Weekly News: AI in shopping, online communities, in-home delivery, m-paments

AI and e-commerce: a perfect storm for retail jobs

artificial intelligenceOnline retailers like Amazon are “crushing” brick-and-mortar department stores in terms of sales and these online retailers are replacing their retail salespeople with AI, robotics, and machine learning. In a virtual environment or a non-face-to-face context, people could not care less about who or what is on the other end of the line or responding to online queries. Among other advantages over humans in the online retail market, salesmachines can be programmed to use “Segment-of-One Marketing” to track and understand individual customer behavior, according to a research conducted by Dr. Keng Siau, chair and professor of business and information technology.

Read more at Missouri S&T


Why online communities are key to customer engagement

social motivationsAuthor and entrepreneur Nir Eyal identified four basic components of every “hook,” the experiences that form habits: social motivations, emotions, engagement, loyalty. What does this mean for retailers? There’s now “less of a focus on checking out and more of a focus on checking in. Shopping should be something that scratches the itch of boredom” and taps into our desire for entertainment, Eyal said. When retailers combine content and community, they can own that habit. Content and community are already combined outside of commerce sites — think Facebook, Pinterest and Instagram — and as a result, retailers are beholden to networks if they want to connect with consumers.

More details at Medium

How In-Home Package Delivery Could Save E-Commerce

August smart lockOne of the biggest barriers to people shopping online is that they worry about what happens if their package arrives when they’re not home. It could get stolen or rained on, they fear, or be sent back to the shipper if there are too many unanswered reminders. Maybe they’ll have to drive to a store to sign for it. August smart lock maker thought it was worth finding out if in-home delivery was possible. So it gave 76 of their lock owners a Nestcam and a keypad that lets someone punch in a code that opens the lock and asked them to start allowing such deliveries. All August wanted in return was to get the videos of the deliveries and some feedback. Over the course of the experiment, participants got a total of 250 deliveries.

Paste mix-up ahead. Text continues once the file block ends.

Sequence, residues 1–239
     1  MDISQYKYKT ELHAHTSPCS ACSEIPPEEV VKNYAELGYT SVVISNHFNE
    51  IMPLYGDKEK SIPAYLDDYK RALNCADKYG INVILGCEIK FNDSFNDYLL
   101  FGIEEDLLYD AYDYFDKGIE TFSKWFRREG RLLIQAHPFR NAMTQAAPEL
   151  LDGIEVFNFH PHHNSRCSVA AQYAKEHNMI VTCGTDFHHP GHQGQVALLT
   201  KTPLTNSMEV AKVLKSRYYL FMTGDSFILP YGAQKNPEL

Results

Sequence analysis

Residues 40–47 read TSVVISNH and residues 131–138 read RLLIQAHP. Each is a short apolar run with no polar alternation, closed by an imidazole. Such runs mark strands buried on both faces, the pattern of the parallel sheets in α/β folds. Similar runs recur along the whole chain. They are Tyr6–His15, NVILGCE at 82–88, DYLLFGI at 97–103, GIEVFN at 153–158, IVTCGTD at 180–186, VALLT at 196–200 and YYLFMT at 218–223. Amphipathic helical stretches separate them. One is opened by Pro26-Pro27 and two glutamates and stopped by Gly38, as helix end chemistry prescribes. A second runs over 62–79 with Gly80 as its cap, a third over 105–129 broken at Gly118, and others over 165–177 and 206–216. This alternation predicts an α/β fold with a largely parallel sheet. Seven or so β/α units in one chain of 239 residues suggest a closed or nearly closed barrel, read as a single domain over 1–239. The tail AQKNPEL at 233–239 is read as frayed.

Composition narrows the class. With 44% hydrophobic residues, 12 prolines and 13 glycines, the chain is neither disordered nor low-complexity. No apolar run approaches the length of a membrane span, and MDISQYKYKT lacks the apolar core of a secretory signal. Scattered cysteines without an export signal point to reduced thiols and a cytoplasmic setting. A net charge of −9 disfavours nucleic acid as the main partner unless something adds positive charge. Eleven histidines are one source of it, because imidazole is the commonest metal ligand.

More details at Fastcompany


The Body Shop launches mobile-first ecommerce platform

the-body-shopThe Body Shop has launched a mobile-first ecommerce platform as part of a three-year £10m transformation project that aims to see 20% of sales come from ecommerce. The site comes in response to the fact that 52% of the retailer’s online traffic is now via smartphones, and 11% via tablet computers. Global ecommerce sales grew by 19% in 2016 – twice as fast as the previous year. The new digital platform has initially launched in 11 countries, including the UK, USA, Canada, France, Germany, Brazil and Indonesia, and will be rolled out to over 20 more countries in 2017. The platform is also designed to make it easier for The Body Shop to communicate its wider activity online, allowing customers to engage with its ethical campaigns online.

Read more at Internet Retailer


Demand for m-payments must be matched by a comprehensive approach to security

Mobile only e-commerceThe continued proliferation of mobile payments can only be maintained if security considerations make up a key part of mobile payment implementation. This is according to enterprise app security specialist Promon. According to the survey, 65 per cent of the IT managers and C-level executives polled cited m-payments as being the most sought-after technology at their organisation. In the face of this sustained growth, it is crucial that businesses are mindful of the wider attack surface that this creates for cybercriminals, as well as the fact that user habits are still not up to scratch when it comes to responsible mobile device usage. A separate research has pointed out that 34 per cent of mobile users do not lock their devices, and of those who do, 62 per cent use an easily decipherable code, such as 1234.

Read more at Internet Retailing